Riddle (2.118) joins right-hander José Urená (4.040) and left-hander Adam Conley (3.147) in the 2020 Marlins arbitration class. Lefty reliever Jarlin Garcia (2.114) narrowly missed Super Two status.

The 28-year-old Riddle, who debuted near the beginning of 2017, became the starting shortstop for the Marlins mid-way through that season when they traded Adeiny Hechavarria to the Tampa Bay Rays. While he has a career batting average of .229 and 18 career home runs in 718 plate appearances, he provides defensive value and versatility, as shown by the fact that he made 31 appearances in center field.

Injuries limited Riddle to 85 games (51 with the Marlins, 34 in the minors). His latest trip to the IL was due to a right forearm strain.

MLB Trade Rumors projects Riddle to make $900k in arbitration this offseason. His 2019 salary was $560k, so an agreement by the Jan. 10 deadline is not a high-risk move.

However, the Marlins will be bringing Miguel Rojas back next season. Rojas hit .284 in 132 games in 2019, establishing himself as a solid everyday shortstop, which is the position that Riddle has spent most of his pro career developing at. Further complicating matters, the former 13th-round draft pick is coming off his least effective offensive campaign and out of minor league options.

For the moment, there is room for Riddle on the 40-man roster. But that could change in the coming weeks as the Marlins prepare for the Rule 5 Draft. They have five openings on the roster and as many as seven key prospects worth protecting. That will force difficult decisions.

While his pay raise would be somewhat minimal, it is in the best interest of the Marlins to let Riddle have a fresh start for another organization. Keeping their next wave of young talent intact and shopping for more established infielders in free agency—such as José Iglesias, Didi Gregorius, or Howie Kendrick—will better suit their needs for 2020 and beyond.

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Here’s a look back at the draft history (MLB draft began in 1965) from the Journal & Courier’s coverage area:

1967

Mark Strader, Lafayette Jeff, Round 6, Minnesota Twins

The former Broncho catcher played three seasons in the minors for the Twins with a career batting average of .246, nine home runs and 74 RBIs.

1969

Gregg Boehning, Lafayette Jeff, Round 29, Chicago White Sox

After helping coach Paul “Spider” Fields’ club win the 1969 state title, Boehning was selected as a lefty pitcher. He played one season in rookie ball for the White Sox, going 6-1 with a 2.55 ERA.

1971

Donald Leslie, Lafayette Jeff, Round 9, Detroit Tigers

Like Boehning two years earlier, Leslie played just one year in the minors as a pitcher. He went 2-3 with a 7.63 ERA.

1975

Kevin Sims, Lafayette Jeff, Round 31, Pittsburgh Pirates

Sims never played professionally. He later became a high school basketball coach and is currently the athletic director at Delphi.

1976

Donald Pearson, Delphi, Round 13, New York Mets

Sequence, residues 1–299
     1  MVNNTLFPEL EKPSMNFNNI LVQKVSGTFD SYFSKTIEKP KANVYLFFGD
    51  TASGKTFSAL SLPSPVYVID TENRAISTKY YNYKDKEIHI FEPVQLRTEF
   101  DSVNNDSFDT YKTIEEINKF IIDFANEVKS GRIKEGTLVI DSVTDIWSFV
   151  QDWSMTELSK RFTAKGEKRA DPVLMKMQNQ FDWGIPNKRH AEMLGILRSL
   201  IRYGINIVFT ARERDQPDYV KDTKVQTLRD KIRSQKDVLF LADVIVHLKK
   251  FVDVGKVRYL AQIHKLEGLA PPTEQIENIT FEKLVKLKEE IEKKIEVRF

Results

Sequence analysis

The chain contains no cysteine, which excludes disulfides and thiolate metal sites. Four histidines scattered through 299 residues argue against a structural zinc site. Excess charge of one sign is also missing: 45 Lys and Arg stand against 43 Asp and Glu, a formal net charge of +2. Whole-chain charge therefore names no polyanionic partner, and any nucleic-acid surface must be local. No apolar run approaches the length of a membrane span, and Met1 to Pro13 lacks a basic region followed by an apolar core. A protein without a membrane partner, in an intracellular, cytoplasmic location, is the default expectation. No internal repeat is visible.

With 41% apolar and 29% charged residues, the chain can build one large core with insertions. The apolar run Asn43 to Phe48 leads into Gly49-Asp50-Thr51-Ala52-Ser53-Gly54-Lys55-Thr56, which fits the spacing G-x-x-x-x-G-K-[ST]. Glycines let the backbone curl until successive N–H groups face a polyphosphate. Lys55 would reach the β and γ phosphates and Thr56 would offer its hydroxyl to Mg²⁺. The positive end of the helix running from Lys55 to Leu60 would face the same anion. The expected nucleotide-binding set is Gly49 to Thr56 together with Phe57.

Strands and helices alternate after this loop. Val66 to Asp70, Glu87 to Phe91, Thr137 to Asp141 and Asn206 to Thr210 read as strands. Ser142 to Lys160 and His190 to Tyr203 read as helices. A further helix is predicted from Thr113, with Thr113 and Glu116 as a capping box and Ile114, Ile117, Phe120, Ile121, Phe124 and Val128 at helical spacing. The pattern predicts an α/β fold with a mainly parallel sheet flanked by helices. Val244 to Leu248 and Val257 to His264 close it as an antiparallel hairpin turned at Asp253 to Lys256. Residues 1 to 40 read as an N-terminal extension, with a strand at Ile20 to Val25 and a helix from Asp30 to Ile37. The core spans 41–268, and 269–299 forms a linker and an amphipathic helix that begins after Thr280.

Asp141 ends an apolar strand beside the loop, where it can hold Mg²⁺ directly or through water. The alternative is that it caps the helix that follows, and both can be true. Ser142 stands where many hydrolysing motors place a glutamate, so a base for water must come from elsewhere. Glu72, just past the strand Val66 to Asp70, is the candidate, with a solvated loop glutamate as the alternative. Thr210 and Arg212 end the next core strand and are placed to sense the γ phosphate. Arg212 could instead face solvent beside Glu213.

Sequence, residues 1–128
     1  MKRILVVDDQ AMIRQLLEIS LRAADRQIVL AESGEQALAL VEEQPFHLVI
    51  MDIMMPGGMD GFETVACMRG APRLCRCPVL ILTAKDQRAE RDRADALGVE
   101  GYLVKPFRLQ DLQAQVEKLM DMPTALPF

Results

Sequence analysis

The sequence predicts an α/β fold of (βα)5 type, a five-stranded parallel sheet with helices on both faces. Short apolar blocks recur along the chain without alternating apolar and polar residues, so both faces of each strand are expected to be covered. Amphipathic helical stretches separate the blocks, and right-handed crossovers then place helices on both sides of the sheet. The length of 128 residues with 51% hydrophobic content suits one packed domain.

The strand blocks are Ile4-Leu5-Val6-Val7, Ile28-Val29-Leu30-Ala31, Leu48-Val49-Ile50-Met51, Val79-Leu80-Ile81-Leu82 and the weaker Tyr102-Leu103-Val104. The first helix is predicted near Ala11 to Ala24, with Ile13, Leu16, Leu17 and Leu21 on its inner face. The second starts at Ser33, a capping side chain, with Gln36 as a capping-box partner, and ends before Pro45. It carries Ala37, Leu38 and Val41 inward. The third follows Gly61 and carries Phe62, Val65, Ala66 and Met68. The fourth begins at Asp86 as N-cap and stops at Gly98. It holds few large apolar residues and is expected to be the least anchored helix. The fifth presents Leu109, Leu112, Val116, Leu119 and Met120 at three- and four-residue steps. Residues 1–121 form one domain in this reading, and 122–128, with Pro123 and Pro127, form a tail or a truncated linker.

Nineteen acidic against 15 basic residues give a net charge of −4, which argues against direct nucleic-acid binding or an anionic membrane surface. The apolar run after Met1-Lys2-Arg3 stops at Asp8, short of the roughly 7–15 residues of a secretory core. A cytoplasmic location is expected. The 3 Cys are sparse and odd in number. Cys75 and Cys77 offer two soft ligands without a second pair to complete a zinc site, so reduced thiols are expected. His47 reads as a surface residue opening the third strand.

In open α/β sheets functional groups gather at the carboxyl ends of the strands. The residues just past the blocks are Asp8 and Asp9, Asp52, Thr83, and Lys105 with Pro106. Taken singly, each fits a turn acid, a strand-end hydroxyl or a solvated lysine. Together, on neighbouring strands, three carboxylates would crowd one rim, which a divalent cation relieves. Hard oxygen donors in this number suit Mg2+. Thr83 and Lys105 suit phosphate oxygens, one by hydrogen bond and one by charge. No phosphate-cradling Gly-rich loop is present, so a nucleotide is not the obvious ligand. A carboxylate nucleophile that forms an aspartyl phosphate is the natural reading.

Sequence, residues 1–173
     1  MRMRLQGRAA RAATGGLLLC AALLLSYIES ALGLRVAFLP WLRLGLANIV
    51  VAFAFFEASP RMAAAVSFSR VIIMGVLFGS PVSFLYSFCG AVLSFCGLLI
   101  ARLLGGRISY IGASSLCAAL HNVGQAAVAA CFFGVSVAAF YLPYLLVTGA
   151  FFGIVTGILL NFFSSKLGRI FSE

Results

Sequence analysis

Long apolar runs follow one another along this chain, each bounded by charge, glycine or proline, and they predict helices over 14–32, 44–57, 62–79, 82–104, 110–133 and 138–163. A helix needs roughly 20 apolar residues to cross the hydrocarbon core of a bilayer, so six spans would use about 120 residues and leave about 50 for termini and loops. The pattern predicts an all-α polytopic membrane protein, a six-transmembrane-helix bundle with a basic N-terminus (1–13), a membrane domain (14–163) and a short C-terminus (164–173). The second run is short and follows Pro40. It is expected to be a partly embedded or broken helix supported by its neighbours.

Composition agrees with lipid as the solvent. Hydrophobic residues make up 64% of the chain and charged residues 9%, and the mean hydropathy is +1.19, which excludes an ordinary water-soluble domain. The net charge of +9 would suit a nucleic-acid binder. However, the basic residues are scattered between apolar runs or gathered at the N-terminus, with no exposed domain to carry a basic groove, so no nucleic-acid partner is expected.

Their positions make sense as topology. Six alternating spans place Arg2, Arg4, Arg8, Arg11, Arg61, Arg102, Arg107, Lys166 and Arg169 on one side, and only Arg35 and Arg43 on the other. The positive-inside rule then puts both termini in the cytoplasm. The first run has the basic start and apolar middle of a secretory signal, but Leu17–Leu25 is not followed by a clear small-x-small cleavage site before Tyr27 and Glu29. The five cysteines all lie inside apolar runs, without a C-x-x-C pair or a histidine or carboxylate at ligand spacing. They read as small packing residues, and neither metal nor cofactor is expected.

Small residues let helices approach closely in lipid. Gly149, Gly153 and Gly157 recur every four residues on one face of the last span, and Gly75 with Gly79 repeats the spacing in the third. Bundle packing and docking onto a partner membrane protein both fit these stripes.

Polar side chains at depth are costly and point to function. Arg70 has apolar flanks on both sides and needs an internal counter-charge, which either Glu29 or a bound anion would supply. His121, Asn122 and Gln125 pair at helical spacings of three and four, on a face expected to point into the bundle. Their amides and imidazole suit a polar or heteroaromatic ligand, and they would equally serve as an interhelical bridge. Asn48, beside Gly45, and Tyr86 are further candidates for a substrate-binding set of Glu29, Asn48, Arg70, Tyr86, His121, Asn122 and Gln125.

Pearson advanced all the way to Triple-A but never made it to the big leagues. He compiled a career record of 31-45 with an ERA of 4.28 over five seasons.

1983

Rich Stoll, Attica, Round 1, Montreal Expos

After a standout career at the University of Michigan, the Expos (now Washington Nationals) made Stoll their top draft choice in 1983. He never made it to Canada, pitching five seasons in the minors, including three in Indianapolis. Stoll compiled a 36-33 record with an ERA of 3.77. His jersey still hangs in the hall outside of the basketball gymnasium at Attica.

1985

Rico Rossy, Frontier, Round 33, Baltimore Orioles

Rossy played at Purdue and lived the Minor League life for seven years before he got the call-up with the Atlanta Braves in 1991. He pitched with the Kansas City Royals the next two seasons before another long stint in the minors. After keeping his suitcases packed during Triple-A stints for the Royals, Padres, Expos and Mariners affiliates, he showed why so many former big leaguers continue to cling to the game in minor league baseball when he was called up in 1998, five years after his last MLB stint, as a Seattle Mariner. Rossy had 67 career hits in 147 games in the Majors.

1986

Brian Goodwin, Frankfort, Round 38, Toronto Blue Jays

Goodwin elected to play junior college baseball instead of embarking on a pro career.

1988

Kevin Tyson, Lafayette Jeff, Round 4, Atlanta Braves

Tyson played two seasons of rookie ball, hitting .161 with one career home run and 10 RBIs.

1988

Bernard Doyle, North Newton, Round 24, Boston Red Sox

Doyle played two seasons in rookie ball, totaling 46 games. He hit .222 with seven doubles.

1988

Brian Goodwin, Frankfort, Round 46, California Angels

After foregoing a pro career two years earlier, Goodwin was drafted eight rounds later after junior college. He never played professionally.

1992

Jamie Sailors, Frontier, Round 13, St. Louis Cardinals

Sailors’ season at Parkland College caught the eye of the Cardinals. He pitched two years in the minors, compiling three wins and 160 strikeouts in 174 innings. He later became a high school football coach and athletic director.
Todd Dunwoody

Todd Dunwoody (Photo: AP photo)

1993

Todd Dunwoody, Harrison, Round 7, Florida Marlins

After his outstanding high school career ended — and before he made these awesome Mike Raisor commercials — Dunwoody played 13 seasons of pro baseball, including six in the Majors. He was a member of the 1997 World Series champion Marlins and also played for the Kansas City Royals, Chicago Cubs and Cleveland Indians. Dunwoody hit .233 in the Major Leagues with his best season coming in 1998 when he hit .251 with 27 doubles, seven triples and five homers in Miami.